People who suffer from a digestive disease say they experience feelings of fear, isolation and shame every day. About two million Dutch people have such a digestive disease. Almost half suffer from taboos associated with their disease.
According to research by the Maag Lever Bowel Foundation among more than 3600 patients, in collaboration with six patient associations. A third of the respondents also indicate that relationships are difficult because communication with the partner about the disease is difficult.
These are people who suffer from Crohn’s disease, irritable bowel syndrome or, for example, celiac disease, cancer or liver disease. As a result, more than 40 percent in the study say they suffer from emotional problems every day.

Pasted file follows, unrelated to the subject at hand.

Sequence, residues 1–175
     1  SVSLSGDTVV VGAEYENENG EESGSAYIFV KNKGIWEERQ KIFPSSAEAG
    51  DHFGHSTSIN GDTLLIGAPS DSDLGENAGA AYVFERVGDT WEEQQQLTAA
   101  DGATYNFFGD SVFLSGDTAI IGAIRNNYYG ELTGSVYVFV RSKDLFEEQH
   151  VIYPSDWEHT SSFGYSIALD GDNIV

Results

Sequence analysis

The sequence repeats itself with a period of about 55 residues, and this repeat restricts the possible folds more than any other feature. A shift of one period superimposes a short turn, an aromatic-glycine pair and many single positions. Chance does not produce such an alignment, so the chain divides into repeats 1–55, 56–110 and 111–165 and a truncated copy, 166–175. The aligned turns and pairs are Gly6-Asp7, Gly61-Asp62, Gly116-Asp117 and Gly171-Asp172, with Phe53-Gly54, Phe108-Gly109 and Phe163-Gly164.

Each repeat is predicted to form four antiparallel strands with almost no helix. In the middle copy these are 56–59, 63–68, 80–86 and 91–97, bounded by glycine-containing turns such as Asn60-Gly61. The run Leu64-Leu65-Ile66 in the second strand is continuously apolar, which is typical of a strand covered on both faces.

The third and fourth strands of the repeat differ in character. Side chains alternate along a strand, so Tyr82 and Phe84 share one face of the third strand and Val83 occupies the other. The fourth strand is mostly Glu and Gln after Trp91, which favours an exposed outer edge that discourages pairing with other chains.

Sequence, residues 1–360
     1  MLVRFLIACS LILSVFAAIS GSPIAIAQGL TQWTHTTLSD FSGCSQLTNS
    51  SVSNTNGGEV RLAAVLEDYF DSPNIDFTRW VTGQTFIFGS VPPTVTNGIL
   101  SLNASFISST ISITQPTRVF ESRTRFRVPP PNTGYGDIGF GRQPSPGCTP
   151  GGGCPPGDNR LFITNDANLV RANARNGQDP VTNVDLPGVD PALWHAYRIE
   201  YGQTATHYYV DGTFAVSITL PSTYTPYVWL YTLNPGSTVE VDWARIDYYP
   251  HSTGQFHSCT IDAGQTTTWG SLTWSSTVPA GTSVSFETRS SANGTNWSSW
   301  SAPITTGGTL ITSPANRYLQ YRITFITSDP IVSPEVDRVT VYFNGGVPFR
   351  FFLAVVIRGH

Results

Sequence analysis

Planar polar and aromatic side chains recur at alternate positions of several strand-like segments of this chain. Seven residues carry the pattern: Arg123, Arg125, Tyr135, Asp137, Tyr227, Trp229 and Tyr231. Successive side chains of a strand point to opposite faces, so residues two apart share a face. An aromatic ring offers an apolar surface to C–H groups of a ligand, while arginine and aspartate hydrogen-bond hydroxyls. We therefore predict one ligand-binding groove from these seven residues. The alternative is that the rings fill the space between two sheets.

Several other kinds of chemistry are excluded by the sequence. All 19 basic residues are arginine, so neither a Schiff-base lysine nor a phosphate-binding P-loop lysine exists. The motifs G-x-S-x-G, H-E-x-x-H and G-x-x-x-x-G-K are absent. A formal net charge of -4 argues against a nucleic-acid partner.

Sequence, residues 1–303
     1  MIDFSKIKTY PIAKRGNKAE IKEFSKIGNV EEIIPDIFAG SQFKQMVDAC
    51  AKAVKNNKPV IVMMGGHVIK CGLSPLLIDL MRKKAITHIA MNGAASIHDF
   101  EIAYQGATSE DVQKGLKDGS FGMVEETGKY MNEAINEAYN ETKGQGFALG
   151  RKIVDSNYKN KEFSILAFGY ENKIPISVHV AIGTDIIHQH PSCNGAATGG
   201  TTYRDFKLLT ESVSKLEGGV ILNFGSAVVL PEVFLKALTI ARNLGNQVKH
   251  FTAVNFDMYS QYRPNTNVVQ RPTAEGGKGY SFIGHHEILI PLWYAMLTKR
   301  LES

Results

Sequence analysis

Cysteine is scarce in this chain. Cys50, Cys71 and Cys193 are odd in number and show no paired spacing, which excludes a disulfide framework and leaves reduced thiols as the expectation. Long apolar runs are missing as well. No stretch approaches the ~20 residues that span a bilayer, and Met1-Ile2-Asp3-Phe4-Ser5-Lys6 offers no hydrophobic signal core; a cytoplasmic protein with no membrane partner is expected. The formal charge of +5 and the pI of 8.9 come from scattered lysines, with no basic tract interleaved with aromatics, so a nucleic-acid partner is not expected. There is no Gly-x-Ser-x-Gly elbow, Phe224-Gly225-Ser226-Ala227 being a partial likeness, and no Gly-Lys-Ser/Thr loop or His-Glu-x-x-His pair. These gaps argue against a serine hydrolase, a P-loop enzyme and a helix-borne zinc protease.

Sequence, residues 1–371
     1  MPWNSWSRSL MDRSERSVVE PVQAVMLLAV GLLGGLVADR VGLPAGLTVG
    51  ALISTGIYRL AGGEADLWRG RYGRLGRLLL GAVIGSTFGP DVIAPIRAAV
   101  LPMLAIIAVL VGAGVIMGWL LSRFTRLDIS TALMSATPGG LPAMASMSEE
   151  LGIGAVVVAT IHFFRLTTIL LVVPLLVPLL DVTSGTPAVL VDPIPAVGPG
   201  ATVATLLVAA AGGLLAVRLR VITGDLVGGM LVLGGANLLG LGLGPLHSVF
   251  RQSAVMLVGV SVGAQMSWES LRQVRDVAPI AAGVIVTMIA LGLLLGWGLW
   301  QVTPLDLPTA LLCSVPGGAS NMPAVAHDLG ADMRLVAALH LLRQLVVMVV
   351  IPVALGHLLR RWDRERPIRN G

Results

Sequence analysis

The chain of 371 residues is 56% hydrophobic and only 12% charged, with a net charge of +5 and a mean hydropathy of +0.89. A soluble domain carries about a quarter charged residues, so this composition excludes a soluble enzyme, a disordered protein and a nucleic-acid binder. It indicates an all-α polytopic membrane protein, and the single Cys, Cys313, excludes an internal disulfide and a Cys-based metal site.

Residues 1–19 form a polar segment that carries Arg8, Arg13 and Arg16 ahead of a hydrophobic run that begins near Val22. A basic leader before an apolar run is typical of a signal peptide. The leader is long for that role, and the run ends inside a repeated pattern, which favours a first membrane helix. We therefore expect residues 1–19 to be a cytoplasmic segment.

Not taken seriously
According to many of the respondents, talking about the consequences of the disease – for example about bowel problems – is not accepted or found dirty. As a result, the subject is also avoided by patients. Of the people who did go to the doctor with complaints, a quarter said they did not feel that they were taken seriously.
The Maag Lever Bowel Foundation hopes that the results of the research will break taboos on digestive diseases and that patients will dare to talk about it. For example, almost two thirds of people with irritable bowel syndrome indicate that the outside world underestimates its consequences. A special diet due to celiac disease or gluten sensitivity is often dismissed as an instigation.
Patients with liver diseases or pancreas disorders are often told that their condition is the result of alcohol abuse. People with a stoma sometimes say they are refused in the swimming pool, because ” that’s dirty ”.